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Climate ChangeGlobal WarmingNature

International Radio Broadcast Equivocal About Geoengineering

Is Geoengineering An Effort Of Sisyphus?
In a spot aired this afternoon called “Geoengineers: Who will rule the climate?” the world’s third largest radio station, Voice of Russia, seems to be wobbling on whether or not wholesale scientific experimentation could alter the destructive path of anthropomorphic climate change.

VOR, reportedly the first radio station to broadcast internationally, serves about 109 million listeners of 160 countries in 38 languages. The radio report comes after Al Gore’s emphatic negatives to the press last week on geoengineering, which have been misrepresented by nonscientist critics as the former vice-president saying we can afford to wait to contain climate change.

VOR presents the arguments on geoengineering in a manner that resembles the dominant global perspective: “The recent scientific trend of geoengineering means radical human interference with nature.” Geoengineering supporters suggest that we mimic large-scale, climate-altering natural events (like volcanoes) by implementing massive human-engineered projects like placing mirrors in orbit, smothering carbon dioxide emissions from power plants, and planting eucalyptus in the Sahara. While both advocates and protesters of the discipline generally accept this broad definition of geoengineering objectives, their interpretations of “radical” often differ.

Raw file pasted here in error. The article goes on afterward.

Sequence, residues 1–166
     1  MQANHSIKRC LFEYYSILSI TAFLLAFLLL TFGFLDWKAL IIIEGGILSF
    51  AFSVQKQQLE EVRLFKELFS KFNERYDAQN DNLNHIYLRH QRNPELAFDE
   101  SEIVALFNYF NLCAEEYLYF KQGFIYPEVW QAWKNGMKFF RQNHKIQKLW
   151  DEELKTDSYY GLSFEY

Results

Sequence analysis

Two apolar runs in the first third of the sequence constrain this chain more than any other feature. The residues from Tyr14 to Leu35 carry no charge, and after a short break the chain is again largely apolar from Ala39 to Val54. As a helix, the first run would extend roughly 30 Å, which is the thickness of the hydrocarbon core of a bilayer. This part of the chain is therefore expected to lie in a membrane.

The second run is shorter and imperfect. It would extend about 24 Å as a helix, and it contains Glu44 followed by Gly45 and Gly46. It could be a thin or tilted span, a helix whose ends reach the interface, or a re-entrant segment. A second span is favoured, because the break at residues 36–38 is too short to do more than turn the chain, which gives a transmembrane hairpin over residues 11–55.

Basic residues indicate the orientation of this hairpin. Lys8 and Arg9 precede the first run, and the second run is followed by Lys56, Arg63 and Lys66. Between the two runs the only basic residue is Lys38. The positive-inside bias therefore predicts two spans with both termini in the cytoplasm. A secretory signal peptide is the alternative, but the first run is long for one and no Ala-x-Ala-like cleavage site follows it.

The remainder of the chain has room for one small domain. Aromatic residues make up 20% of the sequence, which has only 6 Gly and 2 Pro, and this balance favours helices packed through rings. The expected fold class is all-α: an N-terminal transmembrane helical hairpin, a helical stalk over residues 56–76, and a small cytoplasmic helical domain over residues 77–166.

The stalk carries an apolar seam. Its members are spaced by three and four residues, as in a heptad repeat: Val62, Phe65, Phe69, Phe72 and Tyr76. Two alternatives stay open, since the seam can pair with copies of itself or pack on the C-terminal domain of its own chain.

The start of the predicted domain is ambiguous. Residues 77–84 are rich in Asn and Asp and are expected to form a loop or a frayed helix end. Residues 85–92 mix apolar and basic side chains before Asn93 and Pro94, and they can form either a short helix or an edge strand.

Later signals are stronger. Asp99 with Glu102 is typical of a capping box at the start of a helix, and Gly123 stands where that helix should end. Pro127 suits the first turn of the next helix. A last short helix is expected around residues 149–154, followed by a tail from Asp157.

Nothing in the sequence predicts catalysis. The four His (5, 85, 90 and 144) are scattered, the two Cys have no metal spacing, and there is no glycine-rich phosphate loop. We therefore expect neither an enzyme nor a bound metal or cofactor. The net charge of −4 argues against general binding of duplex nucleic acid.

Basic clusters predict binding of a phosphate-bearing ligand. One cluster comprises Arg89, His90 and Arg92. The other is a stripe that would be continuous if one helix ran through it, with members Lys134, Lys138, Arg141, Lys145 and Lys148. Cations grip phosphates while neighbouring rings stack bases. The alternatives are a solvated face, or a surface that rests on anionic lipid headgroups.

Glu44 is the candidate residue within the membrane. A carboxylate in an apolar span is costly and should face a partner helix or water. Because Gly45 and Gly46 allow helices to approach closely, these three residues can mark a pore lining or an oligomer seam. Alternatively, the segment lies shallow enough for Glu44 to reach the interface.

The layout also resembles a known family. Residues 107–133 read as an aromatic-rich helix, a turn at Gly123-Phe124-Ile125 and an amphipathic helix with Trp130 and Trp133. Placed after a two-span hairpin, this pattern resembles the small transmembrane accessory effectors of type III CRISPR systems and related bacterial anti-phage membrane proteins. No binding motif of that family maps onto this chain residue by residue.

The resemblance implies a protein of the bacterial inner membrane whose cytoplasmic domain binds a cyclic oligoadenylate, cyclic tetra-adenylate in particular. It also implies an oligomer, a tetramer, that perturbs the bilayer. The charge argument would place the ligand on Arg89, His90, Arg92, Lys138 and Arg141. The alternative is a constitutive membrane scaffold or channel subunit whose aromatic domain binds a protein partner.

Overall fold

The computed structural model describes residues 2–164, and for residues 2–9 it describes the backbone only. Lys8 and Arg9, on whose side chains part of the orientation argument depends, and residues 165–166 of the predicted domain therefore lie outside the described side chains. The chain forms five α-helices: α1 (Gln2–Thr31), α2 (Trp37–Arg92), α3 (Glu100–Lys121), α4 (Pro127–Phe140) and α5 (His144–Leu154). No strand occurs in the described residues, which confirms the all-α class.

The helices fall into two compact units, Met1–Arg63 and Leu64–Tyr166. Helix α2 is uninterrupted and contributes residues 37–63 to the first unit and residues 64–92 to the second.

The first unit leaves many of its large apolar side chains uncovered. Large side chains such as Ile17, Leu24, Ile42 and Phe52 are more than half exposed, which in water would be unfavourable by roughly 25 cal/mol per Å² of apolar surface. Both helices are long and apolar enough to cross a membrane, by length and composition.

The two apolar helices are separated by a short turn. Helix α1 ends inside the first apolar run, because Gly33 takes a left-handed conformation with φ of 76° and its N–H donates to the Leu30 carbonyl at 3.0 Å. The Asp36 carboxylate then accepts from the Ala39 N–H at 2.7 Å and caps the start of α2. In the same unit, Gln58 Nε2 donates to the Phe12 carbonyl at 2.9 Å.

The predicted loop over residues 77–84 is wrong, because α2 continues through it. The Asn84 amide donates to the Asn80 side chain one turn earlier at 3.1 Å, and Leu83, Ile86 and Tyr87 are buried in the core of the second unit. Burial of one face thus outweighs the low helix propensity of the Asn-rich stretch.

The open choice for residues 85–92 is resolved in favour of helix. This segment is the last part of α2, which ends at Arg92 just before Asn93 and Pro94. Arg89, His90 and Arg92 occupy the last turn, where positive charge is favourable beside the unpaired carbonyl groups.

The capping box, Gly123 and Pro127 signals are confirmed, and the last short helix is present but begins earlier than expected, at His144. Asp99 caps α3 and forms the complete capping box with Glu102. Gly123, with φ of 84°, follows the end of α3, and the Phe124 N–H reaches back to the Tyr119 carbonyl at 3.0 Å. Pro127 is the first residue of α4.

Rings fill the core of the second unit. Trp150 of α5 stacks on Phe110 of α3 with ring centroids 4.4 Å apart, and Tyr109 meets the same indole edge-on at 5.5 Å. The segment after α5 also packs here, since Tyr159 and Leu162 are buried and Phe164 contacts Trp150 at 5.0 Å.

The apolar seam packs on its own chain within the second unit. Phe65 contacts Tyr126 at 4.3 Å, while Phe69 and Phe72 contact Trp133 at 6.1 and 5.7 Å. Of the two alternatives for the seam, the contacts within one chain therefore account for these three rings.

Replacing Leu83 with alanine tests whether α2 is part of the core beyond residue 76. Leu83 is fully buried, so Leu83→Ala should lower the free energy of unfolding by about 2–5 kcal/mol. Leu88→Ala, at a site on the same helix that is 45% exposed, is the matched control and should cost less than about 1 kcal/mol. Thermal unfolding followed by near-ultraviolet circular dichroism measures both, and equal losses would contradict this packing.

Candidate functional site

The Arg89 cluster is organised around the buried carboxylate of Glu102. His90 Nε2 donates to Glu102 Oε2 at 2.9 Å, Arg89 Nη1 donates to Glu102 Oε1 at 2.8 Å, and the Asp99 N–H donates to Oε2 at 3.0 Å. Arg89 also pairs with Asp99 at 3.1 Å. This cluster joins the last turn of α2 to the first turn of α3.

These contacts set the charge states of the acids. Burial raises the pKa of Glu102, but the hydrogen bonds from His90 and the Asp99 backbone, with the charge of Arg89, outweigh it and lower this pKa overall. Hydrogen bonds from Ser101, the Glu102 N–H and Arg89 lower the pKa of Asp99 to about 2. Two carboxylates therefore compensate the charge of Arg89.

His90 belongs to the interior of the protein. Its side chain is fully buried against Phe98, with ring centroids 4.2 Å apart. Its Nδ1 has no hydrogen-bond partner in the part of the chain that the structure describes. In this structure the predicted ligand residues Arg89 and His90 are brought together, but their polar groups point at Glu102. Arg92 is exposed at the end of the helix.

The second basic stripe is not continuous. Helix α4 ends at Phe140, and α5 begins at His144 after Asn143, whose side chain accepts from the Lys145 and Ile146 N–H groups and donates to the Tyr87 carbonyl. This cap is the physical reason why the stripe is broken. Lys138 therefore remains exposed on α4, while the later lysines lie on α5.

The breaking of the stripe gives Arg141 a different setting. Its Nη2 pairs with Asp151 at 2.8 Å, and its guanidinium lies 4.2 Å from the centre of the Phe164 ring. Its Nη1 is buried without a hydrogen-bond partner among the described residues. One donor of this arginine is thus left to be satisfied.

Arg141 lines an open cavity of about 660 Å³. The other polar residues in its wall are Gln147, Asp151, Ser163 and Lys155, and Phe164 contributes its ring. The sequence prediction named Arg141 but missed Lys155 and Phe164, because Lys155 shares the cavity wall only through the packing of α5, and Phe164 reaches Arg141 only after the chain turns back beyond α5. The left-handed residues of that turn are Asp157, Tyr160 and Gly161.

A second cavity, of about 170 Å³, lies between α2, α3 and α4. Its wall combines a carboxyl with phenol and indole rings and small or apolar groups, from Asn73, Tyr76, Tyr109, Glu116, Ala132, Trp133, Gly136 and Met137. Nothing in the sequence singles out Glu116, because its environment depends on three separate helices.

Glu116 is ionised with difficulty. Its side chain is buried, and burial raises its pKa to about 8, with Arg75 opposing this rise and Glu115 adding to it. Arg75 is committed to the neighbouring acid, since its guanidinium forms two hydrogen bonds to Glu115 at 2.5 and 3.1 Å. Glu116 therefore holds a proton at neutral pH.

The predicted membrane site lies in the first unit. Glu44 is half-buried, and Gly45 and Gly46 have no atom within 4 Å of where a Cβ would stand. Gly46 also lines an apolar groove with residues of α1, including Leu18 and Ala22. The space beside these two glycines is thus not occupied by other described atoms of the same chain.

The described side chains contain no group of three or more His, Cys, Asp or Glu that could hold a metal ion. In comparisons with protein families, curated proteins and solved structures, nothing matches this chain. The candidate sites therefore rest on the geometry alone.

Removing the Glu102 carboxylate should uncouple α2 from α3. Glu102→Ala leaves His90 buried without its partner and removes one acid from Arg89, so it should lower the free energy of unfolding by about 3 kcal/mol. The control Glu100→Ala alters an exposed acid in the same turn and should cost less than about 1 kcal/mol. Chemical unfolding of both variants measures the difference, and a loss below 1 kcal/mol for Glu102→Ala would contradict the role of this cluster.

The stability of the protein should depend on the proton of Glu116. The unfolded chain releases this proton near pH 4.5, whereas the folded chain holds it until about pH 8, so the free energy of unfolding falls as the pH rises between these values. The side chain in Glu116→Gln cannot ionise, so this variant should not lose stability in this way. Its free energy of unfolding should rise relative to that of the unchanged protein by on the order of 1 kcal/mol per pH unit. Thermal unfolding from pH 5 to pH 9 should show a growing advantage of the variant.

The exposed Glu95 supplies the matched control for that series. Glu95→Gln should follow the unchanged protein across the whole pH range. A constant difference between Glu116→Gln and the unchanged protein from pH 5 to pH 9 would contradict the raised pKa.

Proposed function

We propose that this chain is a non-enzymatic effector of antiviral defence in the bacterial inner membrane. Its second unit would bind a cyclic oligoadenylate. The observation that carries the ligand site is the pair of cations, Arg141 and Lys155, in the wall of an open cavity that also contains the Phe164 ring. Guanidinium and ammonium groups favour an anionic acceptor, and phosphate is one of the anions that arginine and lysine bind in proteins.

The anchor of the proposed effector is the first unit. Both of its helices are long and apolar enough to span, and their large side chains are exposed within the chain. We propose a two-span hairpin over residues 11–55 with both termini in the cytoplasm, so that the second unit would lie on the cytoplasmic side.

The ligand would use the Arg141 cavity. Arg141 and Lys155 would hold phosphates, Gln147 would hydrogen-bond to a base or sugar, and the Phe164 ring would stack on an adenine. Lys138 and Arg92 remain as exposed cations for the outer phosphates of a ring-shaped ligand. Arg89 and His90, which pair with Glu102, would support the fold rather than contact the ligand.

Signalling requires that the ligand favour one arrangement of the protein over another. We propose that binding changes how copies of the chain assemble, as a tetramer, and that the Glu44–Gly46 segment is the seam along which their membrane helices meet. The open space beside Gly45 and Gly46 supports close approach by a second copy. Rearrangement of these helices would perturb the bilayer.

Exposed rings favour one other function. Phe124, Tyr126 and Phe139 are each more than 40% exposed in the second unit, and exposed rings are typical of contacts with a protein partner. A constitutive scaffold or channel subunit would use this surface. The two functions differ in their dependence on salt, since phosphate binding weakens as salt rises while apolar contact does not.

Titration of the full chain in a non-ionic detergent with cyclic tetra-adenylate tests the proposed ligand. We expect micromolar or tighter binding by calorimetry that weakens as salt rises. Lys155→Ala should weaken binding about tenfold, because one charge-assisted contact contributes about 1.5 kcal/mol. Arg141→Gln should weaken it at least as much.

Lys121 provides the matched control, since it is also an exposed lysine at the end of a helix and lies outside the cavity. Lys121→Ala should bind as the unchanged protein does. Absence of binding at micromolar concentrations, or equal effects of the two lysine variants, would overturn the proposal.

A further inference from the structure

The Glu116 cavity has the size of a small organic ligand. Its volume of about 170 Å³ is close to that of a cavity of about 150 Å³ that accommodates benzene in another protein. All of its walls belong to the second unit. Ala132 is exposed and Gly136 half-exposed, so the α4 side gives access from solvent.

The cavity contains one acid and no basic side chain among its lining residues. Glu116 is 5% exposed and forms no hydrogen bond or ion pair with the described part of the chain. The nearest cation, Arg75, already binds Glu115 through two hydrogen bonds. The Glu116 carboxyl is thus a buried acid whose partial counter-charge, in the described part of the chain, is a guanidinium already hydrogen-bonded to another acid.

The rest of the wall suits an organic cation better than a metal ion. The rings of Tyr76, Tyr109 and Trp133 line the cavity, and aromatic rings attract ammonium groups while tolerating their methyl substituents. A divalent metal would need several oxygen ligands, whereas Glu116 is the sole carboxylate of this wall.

VOR points out that geoengineering appeals to the greater public because it presents apparently simple solutions to complex climate change. Author Svetlana Kalmykova dismantles the “apparently simple” argument by quoting WWF Russia’s Alexey Kokorin, who has said that gigantic attempts like a sulfur screen or giant reflective system could redistribute solar radiation between the poles, change the location of the equator, and trigger a new ice age.

Kalmykova also points out that geoengineering deeply tempts economists as well. They forecast quick, effective results from radical measures–which they as nonscientists may not fully understand. Also, she points out that the lack of international treaties (as exemplified in the achingly slow forward inching of the United Nations Intergovernmental Panel on Climate Change) might seriously impair efforts to achieve consensus and oversee such enormous projects in a timely fashion.

A middle ground may lie in “a more harmless interference,” such as reforestation, which is a scientifically proven method of positively altering the balance of atmospheric gases, Kalmykova says. St. Petersburg State Polytech professor Sergey Avakyan believes that “we need more trees to accumulate carbon dioxide…. So instead of cutting trees down, we should be planting them.”

The broadcast report seems equivocal and comprehensive until this point. However, it ends by apparently advocating the implementation of sweeping geoengineering attempts to control climate change:

“Meanwhile, scientifically speaking, geoengineering is a great research discipline and it should be given every opportunity for continued research.”

Or does this statement imply that geoengineering should be confined to the realm of research and not actually put into practice until it has been proven effective? That’s a process Gore says may involve many years, if not decades, of unacceptable delay.




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